Spooked by the Pending Disney Deal, Ryan Murphy Leaves Longtime Studio Home Fox for Netflix

He’ll produce new shows and movies exclusively for them

Ryan Murphy's Netflix deal begins in July, but he'll remain with all his current FX and Fox series. Getty Images
Headshot of Jason Lynch

21st Century Fox has adopted a “business as usual” approach to its TV dealings until Disney’s $52.4 billion deal to acquire the company passes the regulatory process. But Ryan Murphy, its TV studio’s most prolific producer, didn’t get the memo.

Last night, Netflix revealed that it had poached Murphy—Adweek’s reigning TV Creator of the Year—with a five-year deal, which could be worth as much as $300 million, to produce new shows and movies exclusively for the streaming service, beginning July 1.

Murphy is the second mega-producer to depart their longtime home for Netflix: last August, Shonda Rhimes and her production company Shondaland left ABC Studios for the streaming service.

Much like Rhimes, Murphy will continue to be involved with his current shows for FX and Fox—American Horror Story, American Crime Story (the latest installment, The Assassination of Gianni Versace, is now airing), Feud, the breakout midseason drama 9-1-1 and the upcoming FX drama Pose—for the duration of their runs. And given that anthology series American Horror Story, American Crime Story and Feud are reinvented each season, some of those shows could conceivably still be in production at the conclusion of his Netflix deal.

He already has two products set up at Netflix: Ratched, an origin story focusing on Nurse Ratched, the iconic, sadistic nurse from the 1975 film One Flew Over the Cuckoo’s Nest (Sarah Paulson will star) and The Politician, which could star Barbra Streisand and Gwyneth Paltrow.

“Ryan Murphy’s series have influenced the global cultural zeitgeist, reinvented genres and changed the course of television history. His unfaltering dedication to excellence and to give voice to the underrepresented, to showcase a unique perspective or just to shock the hell out of us, permeates his genre-shattering work,” said Netflix’s chief content officer Ted Sarandos in a statement. “His celebrated body of work and his contributions to our industry speak for themselves, and we look forward to supporting Ryan in bringing his broad and diverse stories to the world.”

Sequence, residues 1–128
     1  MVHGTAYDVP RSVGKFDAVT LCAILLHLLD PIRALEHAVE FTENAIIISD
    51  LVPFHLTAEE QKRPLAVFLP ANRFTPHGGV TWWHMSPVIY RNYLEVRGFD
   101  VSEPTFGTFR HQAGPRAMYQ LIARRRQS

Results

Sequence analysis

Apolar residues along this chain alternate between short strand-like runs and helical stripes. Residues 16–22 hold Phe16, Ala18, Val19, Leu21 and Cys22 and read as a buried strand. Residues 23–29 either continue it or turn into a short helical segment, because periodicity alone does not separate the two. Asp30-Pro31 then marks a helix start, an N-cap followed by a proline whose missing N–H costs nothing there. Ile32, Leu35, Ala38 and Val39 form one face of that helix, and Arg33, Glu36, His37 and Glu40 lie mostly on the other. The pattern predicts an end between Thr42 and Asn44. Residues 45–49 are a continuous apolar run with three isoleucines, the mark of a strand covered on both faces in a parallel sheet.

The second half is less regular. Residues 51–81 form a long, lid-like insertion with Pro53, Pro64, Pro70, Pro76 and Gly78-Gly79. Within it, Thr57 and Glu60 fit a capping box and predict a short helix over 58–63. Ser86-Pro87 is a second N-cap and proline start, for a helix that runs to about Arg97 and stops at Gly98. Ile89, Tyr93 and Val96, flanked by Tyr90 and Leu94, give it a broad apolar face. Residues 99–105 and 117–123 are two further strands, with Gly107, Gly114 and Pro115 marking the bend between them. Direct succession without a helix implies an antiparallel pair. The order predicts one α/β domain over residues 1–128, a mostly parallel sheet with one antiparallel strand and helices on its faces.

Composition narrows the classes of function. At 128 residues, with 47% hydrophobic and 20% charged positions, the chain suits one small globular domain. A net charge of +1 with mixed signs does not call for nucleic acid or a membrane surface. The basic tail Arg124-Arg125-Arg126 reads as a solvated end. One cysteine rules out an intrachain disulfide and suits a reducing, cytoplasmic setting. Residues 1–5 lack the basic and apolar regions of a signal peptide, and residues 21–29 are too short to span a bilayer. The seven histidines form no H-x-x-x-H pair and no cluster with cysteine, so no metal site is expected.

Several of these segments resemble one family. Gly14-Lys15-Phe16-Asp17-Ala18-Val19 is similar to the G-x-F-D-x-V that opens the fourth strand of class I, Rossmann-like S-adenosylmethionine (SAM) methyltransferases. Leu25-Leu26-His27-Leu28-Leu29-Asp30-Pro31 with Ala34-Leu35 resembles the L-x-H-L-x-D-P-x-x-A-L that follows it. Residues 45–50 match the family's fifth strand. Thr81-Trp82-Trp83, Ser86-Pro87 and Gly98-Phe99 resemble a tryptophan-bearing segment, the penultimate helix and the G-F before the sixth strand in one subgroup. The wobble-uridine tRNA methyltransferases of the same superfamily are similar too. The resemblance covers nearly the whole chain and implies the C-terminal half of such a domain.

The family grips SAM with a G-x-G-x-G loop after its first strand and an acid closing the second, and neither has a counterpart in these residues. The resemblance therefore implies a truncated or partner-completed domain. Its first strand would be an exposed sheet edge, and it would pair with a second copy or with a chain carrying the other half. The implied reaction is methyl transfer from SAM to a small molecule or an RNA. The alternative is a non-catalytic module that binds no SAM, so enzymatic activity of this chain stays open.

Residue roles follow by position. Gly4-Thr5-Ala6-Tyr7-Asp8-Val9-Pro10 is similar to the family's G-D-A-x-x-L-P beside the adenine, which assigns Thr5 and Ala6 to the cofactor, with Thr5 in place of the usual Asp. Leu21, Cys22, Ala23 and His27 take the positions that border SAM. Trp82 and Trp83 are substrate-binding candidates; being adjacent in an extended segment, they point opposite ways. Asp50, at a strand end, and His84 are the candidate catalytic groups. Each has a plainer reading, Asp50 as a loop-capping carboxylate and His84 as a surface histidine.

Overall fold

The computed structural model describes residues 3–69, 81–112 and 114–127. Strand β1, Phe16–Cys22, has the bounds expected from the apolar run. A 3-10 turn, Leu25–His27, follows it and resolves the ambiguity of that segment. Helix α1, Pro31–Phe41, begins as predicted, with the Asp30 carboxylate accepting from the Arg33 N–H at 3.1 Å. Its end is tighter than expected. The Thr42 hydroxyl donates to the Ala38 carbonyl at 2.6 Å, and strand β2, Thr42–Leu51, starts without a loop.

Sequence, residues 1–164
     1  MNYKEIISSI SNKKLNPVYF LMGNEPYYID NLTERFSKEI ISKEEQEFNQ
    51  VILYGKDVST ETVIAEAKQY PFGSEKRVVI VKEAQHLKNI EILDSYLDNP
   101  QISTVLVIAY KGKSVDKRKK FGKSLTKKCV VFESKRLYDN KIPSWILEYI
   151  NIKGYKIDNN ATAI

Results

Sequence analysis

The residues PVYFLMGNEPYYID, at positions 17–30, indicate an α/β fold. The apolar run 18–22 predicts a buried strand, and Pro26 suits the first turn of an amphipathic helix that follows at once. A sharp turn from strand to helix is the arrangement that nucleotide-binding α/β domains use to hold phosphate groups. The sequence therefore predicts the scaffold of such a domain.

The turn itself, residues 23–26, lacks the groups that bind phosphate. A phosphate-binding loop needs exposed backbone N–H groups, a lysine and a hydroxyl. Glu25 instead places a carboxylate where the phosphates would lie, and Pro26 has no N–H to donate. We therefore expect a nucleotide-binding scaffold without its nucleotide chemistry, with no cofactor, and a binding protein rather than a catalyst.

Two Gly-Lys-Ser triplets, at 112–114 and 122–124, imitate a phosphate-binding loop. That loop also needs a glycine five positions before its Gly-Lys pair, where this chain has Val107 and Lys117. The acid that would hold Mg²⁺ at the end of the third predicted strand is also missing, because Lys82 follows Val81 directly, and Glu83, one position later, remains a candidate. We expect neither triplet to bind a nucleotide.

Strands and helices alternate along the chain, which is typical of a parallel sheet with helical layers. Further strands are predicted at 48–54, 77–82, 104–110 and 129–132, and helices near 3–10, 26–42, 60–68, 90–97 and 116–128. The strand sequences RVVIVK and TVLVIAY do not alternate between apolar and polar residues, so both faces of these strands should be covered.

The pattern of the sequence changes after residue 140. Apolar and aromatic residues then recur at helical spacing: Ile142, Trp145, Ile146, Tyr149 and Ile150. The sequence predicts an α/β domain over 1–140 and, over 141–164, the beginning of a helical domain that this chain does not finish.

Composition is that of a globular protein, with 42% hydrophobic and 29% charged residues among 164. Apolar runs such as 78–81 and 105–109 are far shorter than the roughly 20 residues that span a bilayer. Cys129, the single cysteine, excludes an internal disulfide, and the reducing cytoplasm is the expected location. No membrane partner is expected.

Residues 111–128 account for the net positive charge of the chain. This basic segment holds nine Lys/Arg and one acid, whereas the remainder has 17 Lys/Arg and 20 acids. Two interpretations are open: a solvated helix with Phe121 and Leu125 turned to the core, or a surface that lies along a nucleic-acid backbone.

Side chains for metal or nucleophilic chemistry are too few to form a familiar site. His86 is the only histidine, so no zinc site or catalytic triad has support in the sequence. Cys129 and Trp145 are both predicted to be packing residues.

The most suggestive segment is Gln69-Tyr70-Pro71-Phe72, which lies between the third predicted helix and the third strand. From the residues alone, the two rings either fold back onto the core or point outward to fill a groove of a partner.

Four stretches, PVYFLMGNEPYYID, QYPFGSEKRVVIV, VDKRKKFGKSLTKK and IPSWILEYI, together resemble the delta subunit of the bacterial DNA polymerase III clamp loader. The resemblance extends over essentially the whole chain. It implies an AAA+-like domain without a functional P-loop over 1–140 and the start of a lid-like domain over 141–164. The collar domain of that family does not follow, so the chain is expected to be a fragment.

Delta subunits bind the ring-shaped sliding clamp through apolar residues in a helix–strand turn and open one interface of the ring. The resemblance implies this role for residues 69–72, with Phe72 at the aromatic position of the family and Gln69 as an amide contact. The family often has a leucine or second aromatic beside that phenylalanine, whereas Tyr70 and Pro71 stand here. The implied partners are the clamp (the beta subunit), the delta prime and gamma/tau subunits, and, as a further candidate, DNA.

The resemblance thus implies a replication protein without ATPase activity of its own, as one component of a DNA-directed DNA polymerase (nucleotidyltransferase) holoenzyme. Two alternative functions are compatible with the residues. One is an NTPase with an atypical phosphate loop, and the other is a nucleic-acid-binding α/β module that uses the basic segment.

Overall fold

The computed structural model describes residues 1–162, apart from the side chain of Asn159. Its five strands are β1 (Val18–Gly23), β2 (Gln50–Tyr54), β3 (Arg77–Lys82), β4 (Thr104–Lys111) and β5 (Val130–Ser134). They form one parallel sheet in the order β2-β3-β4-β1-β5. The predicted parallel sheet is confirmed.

Murphy said in a statement of his own that “The history of this moment is not lost on me. I am a gay kid from Indiana who moved to Hollywood in 1989 with $55 in savings in my pocket, so the fact that my dreams have crystallized and come true in such a major way is emotional and overwhelming to me.”

His departure is a big blow to 21st Century Fox and Disney, and the first of what are likely to be many ripple effects as Fox executives and producers either leave the company or take on new roles as the company is integrated into Disney.

The producer—whose 20th Century Fox Television deal was up this summer—said at last month’s Television Critics Association winter press tour that he had assumed he’d spend his entire career working for that studio, continuing to make hit shows like Glee, Nip/Tuck, The People v. O.J. Simpson and American Horror Story. But that all changed in December with the news that Disney would be acquiring 21st Century Fox for $52.4 billion.

Murphy, who started working for Fox in 2003, told reporters he was “very emotional” about the Disney deal, because Fox had taken a chance on “somebody who was told I was not employable.” Until the Disney deal was announced, “I thought I would literally be buried on the Fox lot,” he said. “I was very not prepared for what happened.”

When Disney CEO Bob Iger reached out to him, “I said point-blank, the stuff that I do is not specifically Disney, and I’m interested in that and I’m concerned about that, you know. Am I going to have to put Mickey Mouse in American Horror Story?” recalled Murphy.

He was “hopeful” after his conversation with Iger, but “I don’t think anybody knows exactly what that company is going to look like now,” said Murphy, adding tellingly, “I think it’s a great time to be a content creator.”

And thanks to Netflix, it’s a very lucrative time, too.

@jasonlynch jason.lynch@adweek.com Jason Lynch is TV Editor at Adweek, overseeing trends, technology, personalities and programming across broadcast, cable and streaming video.